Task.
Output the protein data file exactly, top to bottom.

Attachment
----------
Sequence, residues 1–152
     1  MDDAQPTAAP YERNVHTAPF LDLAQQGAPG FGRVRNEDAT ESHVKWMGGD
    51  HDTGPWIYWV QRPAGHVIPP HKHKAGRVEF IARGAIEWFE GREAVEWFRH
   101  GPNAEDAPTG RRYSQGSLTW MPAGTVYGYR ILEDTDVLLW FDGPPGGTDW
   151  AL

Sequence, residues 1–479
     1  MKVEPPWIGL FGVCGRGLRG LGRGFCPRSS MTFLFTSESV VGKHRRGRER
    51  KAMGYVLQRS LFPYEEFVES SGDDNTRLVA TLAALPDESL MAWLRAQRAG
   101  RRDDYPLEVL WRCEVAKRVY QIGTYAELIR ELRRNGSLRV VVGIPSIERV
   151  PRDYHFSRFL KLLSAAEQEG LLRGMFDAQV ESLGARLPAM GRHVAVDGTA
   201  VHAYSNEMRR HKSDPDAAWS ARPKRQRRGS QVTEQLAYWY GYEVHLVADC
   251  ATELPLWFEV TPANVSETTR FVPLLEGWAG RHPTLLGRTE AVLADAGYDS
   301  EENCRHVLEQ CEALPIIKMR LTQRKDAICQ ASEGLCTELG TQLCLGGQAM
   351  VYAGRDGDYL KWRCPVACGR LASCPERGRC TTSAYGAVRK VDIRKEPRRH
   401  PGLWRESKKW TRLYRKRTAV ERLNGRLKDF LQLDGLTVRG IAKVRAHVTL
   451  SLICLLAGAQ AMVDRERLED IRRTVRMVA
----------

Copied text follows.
Sequence, residues 1–152
     1  MDDAQPTAAP YERNVHTAPF LDLAQQGAPG FGRVRNEDAT ESHVKWMGGD
    51  HDTGPWIYWV QRPAGHVIPP HKHKAGRVEF IARGAIEWFE GREAVEWFRH
   101  GPNAEDAPTG RRYSQGSLTW MPAGTVYGYR ILEDTDVLLW FDGPPGGTDW
   151  AL

Sequence, residues 1–479
     1  MKVEPPWIGL FGVCGRGLRG LGRGFCPRSS MTFLFTSESV VGKHRRGRER
    51  KAMGYVLQRS LFPYEEFVES SGDDNTRLVA TLAALPDESL MAWLRAQRAG
   101  RRDDYPLEVL WRCEVAKRVY QIGTYAELIR ELRRNGSLRV VVGIPSIERV
   151  PRDYHFSRFL KLLSAAEQEG LLRGMFDAQV ESLGARLPAM GRHVAVDGTA
   201  VHAYSNEMRR HKSDPDAAWS ARPKRQRRGS QVTEQLAYWY GYEVHLVADC
   251  ATELPLWFEV TPANVSETTR FVPLLEGWAG RHPTLLGRTE AVLADAGYDS
   301  EENCRHVLEQ CEALPIIKMR LTQRKDAICQ ASEGLCTELG TQLCLGGQAM
   351  VYAGRDGDYL KWRCPVACGR LASCPERGRC TTSAYGAVRK VDIRKEPRRH
   401  PGLWRESKKW TRLYRKRTAV ERLNGRLKDF LQLDGLTVRG IAKVRAHVTL
   451  SLICLLAGAQ AMVDRERLED IRRTVRMVA